Re: [Amel Yacht Owners] Hot Water Heater Failure
James Wendell <ms42phantom54@...>
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Good advice all. I just now set up a bilge pump timer alarm. It alarms when the pump runs for more than 5 minutes total. I also have the option of alarming on counts, but sometimes the pump cycles a lot if you are taking showers or running the washing machine. The timer is what seems to work for me.
I now prescribe to the "Water Pump Off" unless actually needed philosophy.
Thanks for the excellent comments.
Bill, I noticed I am moored right next to BeBe in Francis Bay. Is that you or the new owner?
s/v Phantom Amel 54 #044
On Sunday, December 11, 2016 1:56 PM, "Danny and Yvonne SIMMS simms@... [amelyachtowners]" wrote:
I'll come in on this too to tell our got off lightly story. Within months of beginning our adventures in 2009 we went ashore. On return we heard the bilge pump running. There was a pin hole (quite a big pin hole) in the water heater and we had left the fresh water pump on. Had we not returned when we did 900 liters of water would have been pumped into the engine room. Had the bilge pump failed for any reason.........
Since then we have a rule that the water pump is off when we are not using water, any where any time. To have a rule that it is off sometimes invites forgetfulness.
We have added a bilge buzzer and are pleased to have it. The cruising world is awash with bilge flooding stories (pun intended) and adding the buzzer was a cheap insurance.
SM 299 Ocean Pearl
From: "'Mark Erdos' mcerdos@... [amelyachtowners]" To: amelyachtowners@...
Sent: Monday, 12 December 2016 5:24 AM
Subject: RE: [Amel Yacht Owners] Hot Water Heater Failure
Sorry to hear of your woes. This summer I installed a bright red LED at the helm. The LED is bright enough to see in daylight. It is parallel wired to the red bilge light on the 24v panel. It was very easy to install and allows the person on watch to notice when the bilge pump kicks on.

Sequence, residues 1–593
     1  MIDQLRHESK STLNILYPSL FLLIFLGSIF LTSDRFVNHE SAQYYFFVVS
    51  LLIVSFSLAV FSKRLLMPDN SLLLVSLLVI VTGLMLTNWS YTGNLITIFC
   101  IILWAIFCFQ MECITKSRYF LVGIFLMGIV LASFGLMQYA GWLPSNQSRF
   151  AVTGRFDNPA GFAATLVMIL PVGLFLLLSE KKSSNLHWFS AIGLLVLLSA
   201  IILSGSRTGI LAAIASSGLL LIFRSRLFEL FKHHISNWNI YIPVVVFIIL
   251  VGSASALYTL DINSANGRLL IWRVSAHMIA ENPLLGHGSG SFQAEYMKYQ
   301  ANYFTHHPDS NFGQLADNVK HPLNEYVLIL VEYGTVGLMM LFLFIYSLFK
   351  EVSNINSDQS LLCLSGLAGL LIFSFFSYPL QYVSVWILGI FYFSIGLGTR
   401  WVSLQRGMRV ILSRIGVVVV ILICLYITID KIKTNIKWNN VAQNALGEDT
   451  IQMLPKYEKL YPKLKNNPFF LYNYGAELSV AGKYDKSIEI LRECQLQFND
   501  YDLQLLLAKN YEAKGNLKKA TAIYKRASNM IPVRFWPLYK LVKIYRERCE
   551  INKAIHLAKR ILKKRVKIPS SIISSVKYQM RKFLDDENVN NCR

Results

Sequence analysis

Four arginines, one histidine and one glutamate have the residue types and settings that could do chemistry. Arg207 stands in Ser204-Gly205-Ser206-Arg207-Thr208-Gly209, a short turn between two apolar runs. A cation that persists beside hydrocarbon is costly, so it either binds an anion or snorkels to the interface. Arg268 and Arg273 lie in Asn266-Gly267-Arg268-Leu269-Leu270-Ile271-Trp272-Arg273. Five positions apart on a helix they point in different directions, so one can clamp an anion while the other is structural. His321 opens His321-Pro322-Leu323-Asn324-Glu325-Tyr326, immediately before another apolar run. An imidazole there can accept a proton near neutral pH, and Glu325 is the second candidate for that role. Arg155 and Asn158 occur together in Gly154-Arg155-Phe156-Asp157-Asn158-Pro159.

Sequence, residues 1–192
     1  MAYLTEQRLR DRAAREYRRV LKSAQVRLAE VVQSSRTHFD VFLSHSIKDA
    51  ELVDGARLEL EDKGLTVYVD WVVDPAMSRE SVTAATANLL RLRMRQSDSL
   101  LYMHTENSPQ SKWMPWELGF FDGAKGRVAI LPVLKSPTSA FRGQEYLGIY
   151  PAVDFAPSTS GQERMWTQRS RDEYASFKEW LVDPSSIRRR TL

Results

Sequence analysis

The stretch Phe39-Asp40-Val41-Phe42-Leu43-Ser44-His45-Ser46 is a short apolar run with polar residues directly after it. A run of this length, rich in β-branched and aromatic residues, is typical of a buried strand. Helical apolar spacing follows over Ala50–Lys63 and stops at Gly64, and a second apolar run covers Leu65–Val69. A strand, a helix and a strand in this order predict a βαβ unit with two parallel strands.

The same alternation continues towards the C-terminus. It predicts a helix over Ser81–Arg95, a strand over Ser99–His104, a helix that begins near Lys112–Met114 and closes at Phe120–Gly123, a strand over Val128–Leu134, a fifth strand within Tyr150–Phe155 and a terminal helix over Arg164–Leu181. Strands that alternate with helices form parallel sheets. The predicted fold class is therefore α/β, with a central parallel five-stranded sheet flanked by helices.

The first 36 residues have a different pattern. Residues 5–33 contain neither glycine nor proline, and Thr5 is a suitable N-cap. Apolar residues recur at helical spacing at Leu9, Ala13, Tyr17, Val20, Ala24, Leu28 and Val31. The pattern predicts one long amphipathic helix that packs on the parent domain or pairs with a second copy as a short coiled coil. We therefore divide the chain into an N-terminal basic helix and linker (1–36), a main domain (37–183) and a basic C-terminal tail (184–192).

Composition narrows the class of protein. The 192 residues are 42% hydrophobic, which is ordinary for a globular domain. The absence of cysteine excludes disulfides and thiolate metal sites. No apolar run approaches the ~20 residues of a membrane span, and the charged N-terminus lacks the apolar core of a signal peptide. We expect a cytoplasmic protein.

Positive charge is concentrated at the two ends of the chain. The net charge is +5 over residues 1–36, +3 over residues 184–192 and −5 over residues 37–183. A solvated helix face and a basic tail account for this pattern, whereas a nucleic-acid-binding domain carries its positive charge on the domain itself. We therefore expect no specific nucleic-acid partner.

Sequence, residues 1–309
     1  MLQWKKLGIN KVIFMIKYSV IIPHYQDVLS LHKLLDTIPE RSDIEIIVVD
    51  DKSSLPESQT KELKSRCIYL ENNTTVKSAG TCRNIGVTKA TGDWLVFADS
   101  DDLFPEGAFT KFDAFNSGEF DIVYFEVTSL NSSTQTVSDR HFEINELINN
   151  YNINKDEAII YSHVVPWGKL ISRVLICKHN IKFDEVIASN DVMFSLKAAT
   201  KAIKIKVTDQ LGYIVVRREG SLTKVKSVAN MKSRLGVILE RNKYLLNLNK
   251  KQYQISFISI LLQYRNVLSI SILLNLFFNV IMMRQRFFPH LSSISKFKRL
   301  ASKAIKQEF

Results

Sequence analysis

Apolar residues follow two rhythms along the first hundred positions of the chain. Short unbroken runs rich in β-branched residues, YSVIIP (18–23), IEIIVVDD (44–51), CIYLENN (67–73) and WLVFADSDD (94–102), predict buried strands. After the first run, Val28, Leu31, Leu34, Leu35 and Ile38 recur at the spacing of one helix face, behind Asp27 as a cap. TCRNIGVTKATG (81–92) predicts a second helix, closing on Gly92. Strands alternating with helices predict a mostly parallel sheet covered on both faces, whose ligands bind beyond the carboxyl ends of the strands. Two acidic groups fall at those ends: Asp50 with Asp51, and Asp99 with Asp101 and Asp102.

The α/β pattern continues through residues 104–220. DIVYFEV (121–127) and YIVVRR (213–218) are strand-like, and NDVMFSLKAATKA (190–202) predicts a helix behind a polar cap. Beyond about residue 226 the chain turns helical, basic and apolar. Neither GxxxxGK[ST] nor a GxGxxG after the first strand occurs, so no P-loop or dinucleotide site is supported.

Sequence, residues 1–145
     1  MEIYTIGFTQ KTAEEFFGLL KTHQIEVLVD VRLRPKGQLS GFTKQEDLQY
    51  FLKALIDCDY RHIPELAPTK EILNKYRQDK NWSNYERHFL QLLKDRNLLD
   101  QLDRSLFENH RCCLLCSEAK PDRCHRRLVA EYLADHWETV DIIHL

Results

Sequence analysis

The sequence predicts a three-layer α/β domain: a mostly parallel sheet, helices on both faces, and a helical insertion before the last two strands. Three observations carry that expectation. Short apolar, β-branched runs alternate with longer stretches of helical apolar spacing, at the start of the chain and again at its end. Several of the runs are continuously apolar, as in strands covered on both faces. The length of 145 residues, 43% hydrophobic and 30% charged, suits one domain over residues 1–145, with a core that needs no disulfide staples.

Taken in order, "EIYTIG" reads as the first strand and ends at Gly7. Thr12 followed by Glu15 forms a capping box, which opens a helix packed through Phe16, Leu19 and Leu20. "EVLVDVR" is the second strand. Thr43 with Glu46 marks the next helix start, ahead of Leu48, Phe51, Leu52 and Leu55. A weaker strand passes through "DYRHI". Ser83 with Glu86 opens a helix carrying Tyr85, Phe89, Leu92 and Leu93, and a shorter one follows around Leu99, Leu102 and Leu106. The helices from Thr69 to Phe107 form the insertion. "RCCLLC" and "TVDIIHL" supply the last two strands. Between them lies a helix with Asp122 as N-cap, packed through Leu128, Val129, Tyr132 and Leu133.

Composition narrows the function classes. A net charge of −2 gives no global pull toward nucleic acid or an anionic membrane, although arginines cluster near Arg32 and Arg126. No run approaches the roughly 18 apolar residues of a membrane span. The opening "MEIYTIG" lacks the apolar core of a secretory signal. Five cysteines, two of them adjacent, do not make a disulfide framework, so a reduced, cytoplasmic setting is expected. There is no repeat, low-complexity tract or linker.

When underway, we make it a habit to turn off the 24v fresh water pump. If there is a leak anywhere in the fresh water pressurized system it will not pump water into the bilge. We do this because we have heard too many times from sailing friends stories similar to yours. Another option would be to install a green LED at the helm and connect it to the fresh water light on the 24v panel.
Another item you may want to add to your spare parts is a couple of squares of rubber gasket material. This can be very handy when in a pinch. Of course, you will need a very sharp blade to make gaskets.
Hope this helps
With best regards,
Super Maramu 2000
Currently cruising: Tampa Bay
From: amelyachtowners@... [mailto:amelyachtowners@...]
Sent: Sunday, December 11, 2016 8:32 AM
To: Yahoo! Inc.
Subject: [Amel Yacht Owners] Hot Water Heater Failure
I do not know if others have had water heater problems, but I thought I should post something about my hot water heater issues that might help others avoid the problem I had. On our crossing to the Caribbean, we lost all of our fresh water - into the bilge and over the side. The bilge pump sure did its job.
No one noticed that the bilge pump was running way too much, and when we tried to use the galley faucet there was no water. At first I assumed the pump had failed, but when I went down into the engine room I saw water pouring out of the front of the hot water heater. The main water tank was empty by then.
We had to scramble to bypass the water heater (Isotemp 40L) and found that the main gasket that holds the heating element assembly in the tank had ruptured. Upon taking it apart it was found completely carbonized and literally fell apart. Bypassing the water system to allow us to continue using fresh water was no small task either, but we managed to cobble together a short hose to seal off the intake and outtake at the heater. The problem there is that BOTH sides of the water passthrough are pressurized - very surprising and we could not figure out how that could be true (the Amel drawings show exactly what is expected, so presumably someone modified the installation). Normally only the cold water side would be pressurized upstream of the water heater.
A quick call to Great Water in Florida worked and they rushed out spare parts. We had to replace the main gasket, faceplate, and the 230V electric element as well. They had all corroded.
I have heard others talk of a zinc, but I do not see any and the manual is different from the one in the boat.
Fortunately we were able to keep our crossing schedule and did not have to return to port, thanks to the water maker.
After this failure, I keep spare water heater parts around. It seems that 10 years is about it for the gaskets and elements. It is worth replacing them early on. This is not a problem I would have planned for, as water heaters seem pretty benign, but have learned how important it is.
s/v Phantom Amel 54 #044